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You may recall Paul Chambers from his work 'Paper Island' that was nominated for a Suzanne Award, as well as his tutorial about it. Today, he takes us on a tour of the creation of his latest work, 'Smoking Kills', where he used a combination of Blender, Inkskape, Marmoset Toolbag 3, Substance Painter, xNormal and Photoshop (whew!).

If you have any questions for Paul, be sure to leave them in a comment!

Hey there, I wanted to share my latest piece I call "Smoking Kills". This was designed to be a real-time model optimized for Sketchfab. It was also my first opportunity to really dive into Substance Painter in a big way. A lot of Blender artists have been starting to use Substance Painter, and I feel that the two partner really nicely together.

Decal work was made in Inkscape, the terrific open-source alternative to Adobe Illustrator, and Photoshop. Still renders were made in Marmoset Toolbag 3.

The project started out following Kent Trammell's fantastic "Modeling a Sci-Fi Helmet" tutorial over at CGCookie where Kent uses a sculpting workflow to block out the main forms before re-topologizing the meshes into smoother panels. In Kent's tutorial he keeps the meshes relatively high-poly and renders the finished result in Cycles.

Sculpting The Main Forms

Adding High Poly Details From Photo Reference

I decided to re-topologize a second time to make an even lower-poly mesh for real-time rendering and used a combination of xNormal and Blender's own baking tools to bake the normals down from my high-poly mesh. I also used this opportunity to add some storytelling to my scene imagining that the owner of the helmet has “jerry-rigged” a modification so he can continue to feed his smoking habit while wearing it.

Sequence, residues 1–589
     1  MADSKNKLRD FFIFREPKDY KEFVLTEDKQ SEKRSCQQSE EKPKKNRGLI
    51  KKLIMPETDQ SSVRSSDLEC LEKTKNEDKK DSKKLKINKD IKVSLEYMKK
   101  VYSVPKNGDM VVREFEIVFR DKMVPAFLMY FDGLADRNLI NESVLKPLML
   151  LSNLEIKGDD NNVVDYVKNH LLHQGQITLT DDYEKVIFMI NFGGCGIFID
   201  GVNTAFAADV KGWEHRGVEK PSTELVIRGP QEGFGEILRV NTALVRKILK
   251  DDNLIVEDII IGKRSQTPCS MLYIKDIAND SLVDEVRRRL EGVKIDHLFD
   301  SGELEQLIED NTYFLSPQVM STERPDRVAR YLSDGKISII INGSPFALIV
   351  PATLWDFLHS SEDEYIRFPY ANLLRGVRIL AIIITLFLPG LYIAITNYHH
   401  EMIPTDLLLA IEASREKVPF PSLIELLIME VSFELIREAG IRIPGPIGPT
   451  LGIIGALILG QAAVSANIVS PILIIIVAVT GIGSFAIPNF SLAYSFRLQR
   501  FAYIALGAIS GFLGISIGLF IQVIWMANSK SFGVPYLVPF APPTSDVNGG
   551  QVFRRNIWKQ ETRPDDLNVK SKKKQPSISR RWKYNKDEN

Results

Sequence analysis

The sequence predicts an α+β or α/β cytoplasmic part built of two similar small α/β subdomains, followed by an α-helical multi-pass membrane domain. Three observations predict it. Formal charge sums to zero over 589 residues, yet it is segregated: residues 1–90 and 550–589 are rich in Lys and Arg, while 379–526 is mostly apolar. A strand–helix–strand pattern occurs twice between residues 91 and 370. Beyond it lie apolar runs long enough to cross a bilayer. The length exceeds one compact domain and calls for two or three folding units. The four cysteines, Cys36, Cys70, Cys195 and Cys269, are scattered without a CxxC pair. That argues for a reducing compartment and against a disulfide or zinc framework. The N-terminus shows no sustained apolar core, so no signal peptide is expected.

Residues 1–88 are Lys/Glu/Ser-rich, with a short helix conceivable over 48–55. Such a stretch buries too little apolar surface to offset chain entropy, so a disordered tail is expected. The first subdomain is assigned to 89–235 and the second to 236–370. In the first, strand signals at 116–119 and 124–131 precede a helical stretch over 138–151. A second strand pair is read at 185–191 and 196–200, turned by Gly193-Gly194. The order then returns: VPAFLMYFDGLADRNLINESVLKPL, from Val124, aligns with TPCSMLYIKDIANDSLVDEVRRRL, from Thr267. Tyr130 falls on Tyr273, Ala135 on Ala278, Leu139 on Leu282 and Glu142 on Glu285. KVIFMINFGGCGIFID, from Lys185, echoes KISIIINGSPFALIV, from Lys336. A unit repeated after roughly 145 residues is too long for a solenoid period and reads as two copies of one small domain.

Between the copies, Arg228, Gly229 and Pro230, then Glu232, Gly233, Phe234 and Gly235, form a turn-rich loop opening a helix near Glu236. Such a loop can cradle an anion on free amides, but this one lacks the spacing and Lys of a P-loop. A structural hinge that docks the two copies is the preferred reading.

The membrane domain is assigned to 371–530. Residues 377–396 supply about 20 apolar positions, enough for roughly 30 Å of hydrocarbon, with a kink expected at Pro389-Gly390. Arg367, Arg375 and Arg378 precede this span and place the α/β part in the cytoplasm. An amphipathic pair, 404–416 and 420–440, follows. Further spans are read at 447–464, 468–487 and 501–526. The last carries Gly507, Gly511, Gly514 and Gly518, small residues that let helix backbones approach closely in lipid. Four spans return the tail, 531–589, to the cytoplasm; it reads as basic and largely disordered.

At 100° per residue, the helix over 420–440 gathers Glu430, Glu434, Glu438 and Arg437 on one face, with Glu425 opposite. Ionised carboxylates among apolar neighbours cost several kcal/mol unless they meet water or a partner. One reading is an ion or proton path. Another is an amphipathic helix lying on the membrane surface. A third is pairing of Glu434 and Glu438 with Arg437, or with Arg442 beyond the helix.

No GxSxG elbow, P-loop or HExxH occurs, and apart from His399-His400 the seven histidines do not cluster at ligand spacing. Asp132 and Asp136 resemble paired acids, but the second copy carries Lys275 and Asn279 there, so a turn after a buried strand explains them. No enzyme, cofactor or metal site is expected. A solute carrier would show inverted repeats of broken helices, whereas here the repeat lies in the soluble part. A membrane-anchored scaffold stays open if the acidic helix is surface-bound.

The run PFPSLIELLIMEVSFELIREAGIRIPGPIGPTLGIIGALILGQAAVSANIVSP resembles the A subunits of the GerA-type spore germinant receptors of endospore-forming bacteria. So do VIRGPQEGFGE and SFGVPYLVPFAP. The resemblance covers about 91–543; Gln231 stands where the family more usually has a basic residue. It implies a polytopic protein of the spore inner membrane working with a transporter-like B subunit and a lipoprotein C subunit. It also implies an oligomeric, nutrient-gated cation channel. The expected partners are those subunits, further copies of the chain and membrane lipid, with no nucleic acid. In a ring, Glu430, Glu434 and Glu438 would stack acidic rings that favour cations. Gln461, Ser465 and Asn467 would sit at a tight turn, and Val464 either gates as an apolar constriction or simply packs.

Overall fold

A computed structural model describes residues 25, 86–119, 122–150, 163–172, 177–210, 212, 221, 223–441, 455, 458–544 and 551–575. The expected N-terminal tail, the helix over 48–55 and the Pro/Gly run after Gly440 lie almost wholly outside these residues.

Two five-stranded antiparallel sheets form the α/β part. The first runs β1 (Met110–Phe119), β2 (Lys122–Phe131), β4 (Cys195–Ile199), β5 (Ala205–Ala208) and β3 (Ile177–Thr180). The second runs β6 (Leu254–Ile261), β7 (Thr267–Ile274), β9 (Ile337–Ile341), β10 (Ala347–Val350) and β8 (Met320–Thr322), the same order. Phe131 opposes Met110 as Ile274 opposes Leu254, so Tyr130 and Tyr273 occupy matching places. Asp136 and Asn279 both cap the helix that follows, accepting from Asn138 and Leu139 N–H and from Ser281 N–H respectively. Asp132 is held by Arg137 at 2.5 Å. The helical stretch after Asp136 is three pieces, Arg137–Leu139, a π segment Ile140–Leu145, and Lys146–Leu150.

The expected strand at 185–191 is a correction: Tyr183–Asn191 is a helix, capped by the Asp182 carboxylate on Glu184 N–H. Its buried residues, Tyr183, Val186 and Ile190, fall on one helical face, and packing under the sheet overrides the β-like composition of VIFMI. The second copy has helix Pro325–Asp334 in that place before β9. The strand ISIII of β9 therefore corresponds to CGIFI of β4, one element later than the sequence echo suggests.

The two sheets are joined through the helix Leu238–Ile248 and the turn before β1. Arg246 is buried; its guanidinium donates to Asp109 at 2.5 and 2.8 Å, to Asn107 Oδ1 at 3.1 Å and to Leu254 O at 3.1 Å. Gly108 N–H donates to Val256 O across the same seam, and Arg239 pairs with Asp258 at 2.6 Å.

Re-Topologizing For Real-Time Rendering

I used xNormal to bake textures more out of familiarity that anything else because I'd only used Blender's Internal Renderer baking before, but once I discovered normal map baking in Blender Cycles also supports a "cage" mesh for more accurate baking, Blender once again gave me everything I needed.

Combining And Testing Ao Maps

I also used Blender's baking tools to bake out Ambient Occlusion maps. Once I had a normal mapped, AO mapped version of my scene I took a black and white render into Photoshop to try some "Paint Overs" to find a color scheme I liked. In the end, for my final model I ended up using a combination of two color schemes.

Photoshop “Paint-Over Tests"

I was going to also bake out a material ID map to use for masking in Substance Painter, but I found Painter's ability to paint per polygon and even UV island a great way to quickly mask out key areas. It’ll be great to see where Blender 2.8’s promise of a PBR viewport takes us.

Adding Decals In Substance Painter

Hope you enjoy as much as I did working on this project. For more behind-the-scenes check out www.paulchambers3D.com.

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